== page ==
Faculty & Staff Programs
Consultations and Convenings
Community Organizing Skill Builder Series
As part of IUPUI's commitment to community, the Office of Community Engagement's Family, School and Neighborhood Engagement initiative and the Center for Service and Learning are continuing to develop opportunities that support local community and campus members in developing local networks and honing the skills of effecitve coalition building that can be used to support social change in Indianapolis. Beginning in 2015, the Community Organizing Skill Builder Series creates co-learning environments among campus and community members to enhance understanding of community organizing principles and strengthen the ability of participants to use organizing tactics effectively.
Upcoming offerings in our ongoing series are listed below.
Story Mapping to Power Mapping
Facilitators: DeAmon Harges and Tamara Leech
Description: This workshop will focus on one tool that can be used in community organizing efforts: power mapping. Power mapping can take many forms, but it always focuses on making strategic plans to influence key decision makers. Anyone who is interested in moving beyond having good intentions and towards taking social action should be able to use the techniques and strategies covered in this workshop. Lunch provided. This event is free and open to the public; however, space is limited so pre-registration is required.
DATE: Saturday, June 25th, 2016
TIME: 9:00 a.m. - 3:00 p.m.
LOCATION: IBEW Local 481 #205
1828 N. Meridian St.
Indianapolis, IN 46202
Presenter Profile - DeAmon Harges
DeAmon Harges is the original "Roving Listener" as a neighbor and staff member of the Broadway United Methodist Church, in Indianapolis, IN. His role is to listen and discover the gifts, passions, and dreams of citizens in his community and to find ways to utilize them in order to build community, economy, and mutual "delight." The bulk of DeAmon's work is based on the principles and practices of the Asset-Based Community Development Institute (ABCD) that brings neighbors and instutions together to discover the power of being a good neighbor. DeAmon builds on what is already present and in place in the neighborhood, using those formally undiscovered assets to connect and empower rather than working only from the community's needs and deficits. There as now a core of "Roving Listeners" working in the Broadway Methodist Church neighborhood.
DeAmon is also a Co-founder of Tesserae Learning Community. Tesserae Learning LLC was conceived in the fall of 2011 as a way to begin conversations about how to bring the ideas of Asset-Based Community Development (ABCD), Theory U, and other contemporary practices tothe forefront of community and organizational life.
In May of 2014, DeAmon founded The Learning Tree, LLC. The Learning Tree is an association of neighbors that specializes in Asset-Based Community Development, learning and education that improves the quality of lives of people, communities, schools, and businesses. We teach the value of seeing the girls of every single person and how to utilize those gifts in ways that increase learning, which help young people and neighbors discover the power of getting to know each other and finding their gifts in ways that build community, economy, and mutual delight.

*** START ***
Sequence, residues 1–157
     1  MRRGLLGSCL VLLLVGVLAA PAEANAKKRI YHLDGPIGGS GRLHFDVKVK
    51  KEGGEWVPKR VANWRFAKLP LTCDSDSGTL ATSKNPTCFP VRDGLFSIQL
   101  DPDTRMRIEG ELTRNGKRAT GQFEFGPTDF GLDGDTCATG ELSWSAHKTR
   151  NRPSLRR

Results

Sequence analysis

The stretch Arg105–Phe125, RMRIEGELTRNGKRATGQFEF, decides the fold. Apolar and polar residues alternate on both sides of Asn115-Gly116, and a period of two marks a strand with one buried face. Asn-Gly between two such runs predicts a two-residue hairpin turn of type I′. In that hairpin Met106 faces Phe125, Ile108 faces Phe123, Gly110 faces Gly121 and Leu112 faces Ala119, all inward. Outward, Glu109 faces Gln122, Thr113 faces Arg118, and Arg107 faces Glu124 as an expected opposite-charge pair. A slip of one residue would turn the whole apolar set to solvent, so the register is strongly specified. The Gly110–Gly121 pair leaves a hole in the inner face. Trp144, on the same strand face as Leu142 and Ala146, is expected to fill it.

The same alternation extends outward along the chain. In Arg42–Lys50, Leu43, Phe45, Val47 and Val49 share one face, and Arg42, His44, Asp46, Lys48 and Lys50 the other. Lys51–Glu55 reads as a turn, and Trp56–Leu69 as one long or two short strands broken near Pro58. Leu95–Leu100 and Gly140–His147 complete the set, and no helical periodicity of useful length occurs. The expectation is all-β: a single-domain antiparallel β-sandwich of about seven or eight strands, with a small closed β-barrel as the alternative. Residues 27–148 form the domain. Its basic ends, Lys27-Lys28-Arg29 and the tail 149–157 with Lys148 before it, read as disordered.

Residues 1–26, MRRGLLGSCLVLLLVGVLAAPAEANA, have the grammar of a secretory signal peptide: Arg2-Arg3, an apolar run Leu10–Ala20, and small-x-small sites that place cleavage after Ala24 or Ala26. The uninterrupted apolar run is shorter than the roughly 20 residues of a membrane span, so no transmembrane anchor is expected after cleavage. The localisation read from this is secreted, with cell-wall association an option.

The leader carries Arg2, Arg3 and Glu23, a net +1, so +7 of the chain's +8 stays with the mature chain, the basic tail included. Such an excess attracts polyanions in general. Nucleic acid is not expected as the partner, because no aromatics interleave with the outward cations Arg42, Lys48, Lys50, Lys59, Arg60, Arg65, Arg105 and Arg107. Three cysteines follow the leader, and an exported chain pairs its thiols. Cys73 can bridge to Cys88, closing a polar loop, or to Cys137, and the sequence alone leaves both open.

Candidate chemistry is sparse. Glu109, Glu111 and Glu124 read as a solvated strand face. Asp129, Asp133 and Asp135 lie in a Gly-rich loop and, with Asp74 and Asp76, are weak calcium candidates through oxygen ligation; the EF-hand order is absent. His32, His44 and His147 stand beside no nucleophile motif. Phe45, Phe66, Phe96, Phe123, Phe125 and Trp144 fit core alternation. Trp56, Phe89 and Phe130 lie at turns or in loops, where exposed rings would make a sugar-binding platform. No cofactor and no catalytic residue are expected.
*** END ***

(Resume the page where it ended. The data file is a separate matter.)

Presenter Profile - Tamara Leech
Tamara Leech is an Associate Professor in the Richard M. Fairbanks School of Public Health. She is an Investigator in the Center for Urban Health (an IUPUI Signature Center), and adjunct faculty member of the IUPUI Sociology Department, and is the Chair of the Society for the Study of Social Problem's Community Research and Development Division.
Tamara Leech graduated from the Sociology Department at the Univeristy of Michigan, Ann Arbor. Her training appointment was in the Population Research Center at the Institute for Survey Research with a specialization in social stratification. Since completing her degree, Dr. Leech's work has been recognized with various awards, including the Butler University Golden Apple Teaching Award, the IUPUI Tonja Conour Faculty Service Award, and the Woodrow Wilson National Fellowship Foundation Early Career Scholar Award. She has funding for her research endeavors from a variety of agencies and foundations, such as the Indiana State Department of Health, Robert Wood Johnson Foundation, and the William T. Grant Foundation.
Her general area of research is the social determinant of health behaviors among Black adolescents. More specifically, she is interested in examining race, gender, and neighborhood context of violence and risky sexual behaviors. Much of her research focuses on integrating Community Based Participatory Research methods into qualitative analyses of health disparities.
The IUPUI Community Organizing Skill Builder Series has four goals:
Goal 1: To increase the community organizing knowledge and skills of IUPUI students, faculty, staff and community members and to further their development as community change agents.
Goal 2: To connect IUPUI students, faculty, staff and community members with local organizations working for social change.
Goal 3: To strengthen the development of Civic-Minded graduates and professionals.
Goal 4: To strengthen the university’s capacity as an anchor institution that contributes to positive social change in the Indianapolis community.